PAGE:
Lawyer salary

Ex-SA lawyer Christopher Pettit has ‘$400 in his pocket’, lawyer says

Christopher “Chris” Pettit, the former San Antonio attorney accused of stealing tens of millions of dollars from his clients, has finally made an appearance in his massive bankruptcy filing – albeit over the phone.

In addition to confirming his attendance and providing his name for the record, Pettit let his bankruptcy attorney, Michael Colvard, do the talking during the nearly two-hour proceedings.

Robbie Ward, one of Pettit’s criminal defense attorneys, was also present but did not participate.

Pettit’s alleged misdeeds sparked an FBI investigation. Since being sued a dozen times for fraud or breach of fiduciary duty by clients this spring, Pettit has declared bankruptcy for himself and his law firm, relinquished his attorney’s license and has closed its offices.

He declared $27.8 million in assets and $115.2 million in personal bankruptcy in the June 1 petition, making him one of the largest on record in San Antonio. His law firm listed $13.8 million in assets and $111.6 million in liabilities. Records are administered jointly.

Pettit had practiced law for about 31 years before it all imploded. He specializes in estate planning and personal injury matters.

He has lived in Florida – where he said he owns a Disney World mansion that until recently went on sale for $8.9 million.

However, he will soon return to San Antonio. He is due to appear in person for a meeting of creditors on Wednesday, after which he is expected to be in Chief US Bankruptcy Judge Craig Gargotta’s courtroom when the hearing resumes.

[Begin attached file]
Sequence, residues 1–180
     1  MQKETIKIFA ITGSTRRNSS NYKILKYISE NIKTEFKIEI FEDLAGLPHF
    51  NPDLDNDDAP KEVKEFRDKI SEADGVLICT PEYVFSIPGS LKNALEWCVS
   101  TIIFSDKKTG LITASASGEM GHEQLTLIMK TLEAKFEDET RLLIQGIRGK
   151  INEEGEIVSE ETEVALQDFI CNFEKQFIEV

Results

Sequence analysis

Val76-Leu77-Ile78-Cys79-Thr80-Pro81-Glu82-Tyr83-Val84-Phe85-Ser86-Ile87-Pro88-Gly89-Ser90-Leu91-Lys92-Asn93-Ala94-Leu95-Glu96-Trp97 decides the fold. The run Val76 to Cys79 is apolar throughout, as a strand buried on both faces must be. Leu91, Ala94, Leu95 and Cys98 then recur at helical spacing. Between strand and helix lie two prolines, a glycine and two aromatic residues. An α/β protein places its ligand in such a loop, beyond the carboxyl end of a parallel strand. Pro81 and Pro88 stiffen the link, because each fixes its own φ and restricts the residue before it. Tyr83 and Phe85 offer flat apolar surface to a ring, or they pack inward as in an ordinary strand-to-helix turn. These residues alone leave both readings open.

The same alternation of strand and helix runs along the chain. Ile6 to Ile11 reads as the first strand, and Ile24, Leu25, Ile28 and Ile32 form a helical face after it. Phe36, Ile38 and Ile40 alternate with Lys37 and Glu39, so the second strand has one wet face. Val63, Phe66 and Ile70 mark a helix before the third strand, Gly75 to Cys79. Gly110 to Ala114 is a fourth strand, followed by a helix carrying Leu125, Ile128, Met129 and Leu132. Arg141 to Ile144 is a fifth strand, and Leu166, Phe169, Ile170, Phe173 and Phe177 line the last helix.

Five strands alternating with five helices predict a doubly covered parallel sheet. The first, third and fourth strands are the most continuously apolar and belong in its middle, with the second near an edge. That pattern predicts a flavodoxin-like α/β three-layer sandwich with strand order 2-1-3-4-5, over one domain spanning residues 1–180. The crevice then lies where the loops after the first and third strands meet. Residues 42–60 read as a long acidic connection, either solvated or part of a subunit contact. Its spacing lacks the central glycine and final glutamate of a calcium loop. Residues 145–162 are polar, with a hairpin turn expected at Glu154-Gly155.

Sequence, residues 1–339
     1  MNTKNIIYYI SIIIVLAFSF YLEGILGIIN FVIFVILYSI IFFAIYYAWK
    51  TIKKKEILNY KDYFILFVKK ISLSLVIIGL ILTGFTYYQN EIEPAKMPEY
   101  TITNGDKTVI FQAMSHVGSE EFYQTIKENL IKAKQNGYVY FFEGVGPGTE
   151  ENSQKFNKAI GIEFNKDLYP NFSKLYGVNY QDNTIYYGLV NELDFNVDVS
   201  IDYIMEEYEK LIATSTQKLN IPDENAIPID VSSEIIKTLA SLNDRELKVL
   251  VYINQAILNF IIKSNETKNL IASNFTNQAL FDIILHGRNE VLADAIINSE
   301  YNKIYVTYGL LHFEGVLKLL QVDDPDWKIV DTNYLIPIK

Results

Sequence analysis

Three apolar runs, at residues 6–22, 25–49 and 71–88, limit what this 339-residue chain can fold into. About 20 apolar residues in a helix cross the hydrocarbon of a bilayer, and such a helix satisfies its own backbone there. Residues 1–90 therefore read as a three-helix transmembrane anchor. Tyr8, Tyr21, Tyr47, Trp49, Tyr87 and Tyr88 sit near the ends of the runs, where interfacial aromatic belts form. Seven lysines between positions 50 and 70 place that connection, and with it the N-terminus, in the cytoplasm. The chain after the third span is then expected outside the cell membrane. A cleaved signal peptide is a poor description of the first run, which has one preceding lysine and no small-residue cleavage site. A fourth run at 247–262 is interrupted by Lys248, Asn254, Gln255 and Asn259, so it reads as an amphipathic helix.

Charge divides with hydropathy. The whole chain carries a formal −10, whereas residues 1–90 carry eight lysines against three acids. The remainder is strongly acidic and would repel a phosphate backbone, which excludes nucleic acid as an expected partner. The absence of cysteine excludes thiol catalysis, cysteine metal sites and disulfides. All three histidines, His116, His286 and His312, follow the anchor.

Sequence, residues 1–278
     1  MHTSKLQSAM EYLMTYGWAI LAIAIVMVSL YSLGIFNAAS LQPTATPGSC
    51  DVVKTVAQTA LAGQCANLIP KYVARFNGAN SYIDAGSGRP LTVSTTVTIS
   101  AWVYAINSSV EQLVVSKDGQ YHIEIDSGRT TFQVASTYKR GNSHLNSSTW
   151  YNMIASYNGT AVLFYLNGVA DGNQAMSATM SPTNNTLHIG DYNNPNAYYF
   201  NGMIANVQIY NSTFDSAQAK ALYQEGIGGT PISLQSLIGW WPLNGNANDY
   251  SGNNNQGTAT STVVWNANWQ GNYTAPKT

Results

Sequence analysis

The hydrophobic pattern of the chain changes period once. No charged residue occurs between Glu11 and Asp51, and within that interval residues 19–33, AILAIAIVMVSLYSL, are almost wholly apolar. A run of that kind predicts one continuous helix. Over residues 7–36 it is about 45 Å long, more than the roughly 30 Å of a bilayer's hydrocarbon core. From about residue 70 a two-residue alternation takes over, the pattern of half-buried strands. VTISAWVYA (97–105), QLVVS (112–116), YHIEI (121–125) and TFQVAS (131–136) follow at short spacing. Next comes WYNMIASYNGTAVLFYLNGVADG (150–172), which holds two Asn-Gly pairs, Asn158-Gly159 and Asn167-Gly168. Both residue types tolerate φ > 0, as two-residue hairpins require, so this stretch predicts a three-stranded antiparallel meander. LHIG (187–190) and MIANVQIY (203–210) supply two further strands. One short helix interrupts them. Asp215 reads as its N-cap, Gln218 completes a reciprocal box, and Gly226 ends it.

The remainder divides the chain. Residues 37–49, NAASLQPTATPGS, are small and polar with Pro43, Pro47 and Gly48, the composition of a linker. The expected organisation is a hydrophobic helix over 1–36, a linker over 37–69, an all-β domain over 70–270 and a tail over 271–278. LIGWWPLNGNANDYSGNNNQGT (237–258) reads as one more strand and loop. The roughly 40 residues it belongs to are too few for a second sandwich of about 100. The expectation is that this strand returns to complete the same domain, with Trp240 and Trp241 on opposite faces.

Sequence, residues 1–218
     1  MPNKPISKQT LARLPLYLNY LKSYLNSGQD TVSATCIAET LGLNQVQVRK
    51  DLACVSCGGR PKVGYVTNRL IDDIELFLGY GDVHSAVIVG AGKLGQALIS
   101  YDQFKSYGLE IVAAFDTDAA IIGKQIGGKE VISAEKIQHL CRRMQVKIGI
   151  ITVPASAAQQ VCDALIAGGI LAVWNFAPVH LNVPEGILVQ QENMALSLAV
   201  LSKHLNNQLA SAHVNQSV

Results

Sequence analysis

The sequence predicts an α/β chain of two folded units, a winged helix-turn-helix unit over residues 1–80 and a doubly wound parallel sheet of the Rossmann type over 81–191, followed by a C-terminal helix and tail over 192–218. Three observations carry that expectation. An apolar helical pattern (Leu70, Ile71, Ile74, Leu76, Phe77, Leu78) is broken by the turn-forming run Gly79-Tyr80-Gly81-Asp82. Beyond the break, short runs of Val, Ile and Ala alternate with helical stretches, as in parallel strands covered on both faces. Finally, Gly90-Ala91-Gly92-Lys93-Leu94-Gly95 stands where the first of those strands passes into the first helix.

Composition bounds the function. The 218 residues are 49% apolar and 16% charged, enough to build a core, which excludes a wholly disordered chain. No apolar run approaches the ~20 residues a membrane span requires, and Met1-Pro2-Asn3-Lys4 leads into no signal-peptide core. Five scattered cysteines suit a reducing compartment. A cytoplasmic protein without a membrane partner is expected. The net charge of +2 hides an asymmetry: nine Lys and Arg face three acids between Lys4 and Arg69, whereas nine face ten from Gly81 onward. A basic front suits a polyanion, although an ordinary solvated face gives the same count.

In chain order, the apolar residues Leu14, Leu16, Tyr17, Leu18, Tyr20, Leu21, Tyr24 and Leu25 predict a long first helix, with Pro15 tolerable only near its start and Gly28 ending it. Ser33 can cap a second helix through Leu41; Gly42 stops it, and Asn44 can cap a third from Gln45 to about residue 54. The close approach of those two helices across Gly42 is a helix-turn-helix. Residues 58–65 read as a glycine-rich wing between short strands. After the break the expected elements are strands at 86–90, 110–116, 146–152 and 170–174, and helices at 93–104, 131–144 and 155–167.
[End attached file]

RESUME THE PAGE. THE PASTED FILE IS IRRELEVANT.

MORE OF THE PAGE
no decision

Gargotta did not rule on the Chapter 11 trustee’s contempt motion on Wednesday. The judge is expected to hear evidence on the claim next week. Pettit could be called to testify.

He said in his individual bankruptcy that he had about $95,000 in an individual retirement account and nearly $635,000 in a 401(k) plan, both with Fidelity Investments.

He took $125,000 of that money, reported Eric Terry, administrator of Chapter 11. Terry and Pettit’s attorney disagreed on whether Pettit had the right to take the money.

Pettit claimed the retirement money as “exempt” from his bankruptcy estate – meaning it’s his to keep. Assets deemed “non-exempt” can be used to pay creditors.

Generally, most retirement accounts are protected from creditors. Nevertheless, Terry must investigate whether anything other than Pettit’s salary – such as money belonging to his clients – was used to fund the accounts.

Patrick Huffstickler, an attorney for Terry, argued that any assets Pettit contributed to the bankruptcy estate should be under the control of the trustee, whether or not they are exempt. The deadline for the trustee and creditors to oppose Pettit’s claims to exempt the assets has not passed, Huffstickler added.

“We were shocked”

“Frankly, we were shocked to see these transactions,” he told the judge. “We just want to stop the exit of any assets from the estate, and we basically want to get information on where the money that has been taken out has gone. We have a lot of information about it, but some of it is still opaque.